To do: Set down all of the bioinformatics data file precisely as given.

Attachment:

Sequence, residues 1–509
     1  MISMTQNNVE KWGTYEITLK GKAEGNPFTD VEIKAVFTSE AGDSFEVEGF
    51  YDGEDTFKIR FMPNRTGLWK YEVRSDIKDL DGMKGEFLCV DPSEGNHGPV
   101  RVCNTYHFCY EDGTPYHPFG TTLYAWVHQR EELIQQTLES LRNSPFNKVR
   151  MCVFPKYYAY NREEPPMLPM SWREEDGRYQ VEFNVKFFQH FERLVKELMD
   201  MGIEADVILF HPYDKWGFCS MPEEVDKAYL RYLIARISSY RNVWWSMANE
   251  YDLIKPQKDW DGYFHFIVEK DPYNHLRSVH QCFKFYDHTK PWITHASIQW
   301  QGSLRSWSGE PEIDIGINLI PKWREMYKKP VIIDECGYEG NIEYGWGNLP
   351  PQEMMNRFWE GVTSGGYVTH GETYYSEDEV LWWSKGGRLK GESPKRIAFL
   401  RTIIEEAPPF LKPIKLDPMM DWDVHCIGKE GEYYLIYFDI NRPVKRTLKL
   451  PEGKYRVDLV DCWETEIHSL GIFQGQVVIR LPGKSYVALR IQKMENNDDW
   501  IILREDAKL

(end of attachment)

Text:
Sequence, residues 1–509
     1  MISMTQNNVE KWGTYEITLK GKAEGNPFTD VEIKAVFTSE AGDSFEVEGF
    51  YDGEDTFKIR FMPNRTGLWK YEVRSDIKDL DGMKGEFLCV DPSEGNHGPV
   101  RVCNTYHFCY EDGTPYHPFG TTLYAWVHQR EELIQQTLES LRNSPFNKVR
   151  MCVFPKYYAY NREEPPMLPM SWREEDGRYQ VEFNVKFFQH FERLVKELMD
   201  MGIEADVILF HPYDKWGFCS MPEEVDKAYL RYLIARISSY RNVWWSMANE
   251  YDLIKPQKDW DGYFHFIVEK DPYNHLRSVH QCFKFYDHTK PWITHASIQW
   301  QGSLRSWSGE PEIDIGINLI PKWREMYKKP VIIDECGYEG NIEYGWGNLP
   351  PQEMMNRFWE GVTSGGYVTH GETYYSEDEV LWWSKGGRLK GESPKRIAFL
   401  RTIIEEAPPF LKPIKLDPMM DWDVHCIGKE GEYYLIYFDI NRPVKRTLKL
   451  PEGKYRVDLV DCWETEIHSL GIFQGQVVIR LPGKSYVALR IQKMENNDDW
   501  IILREDAKL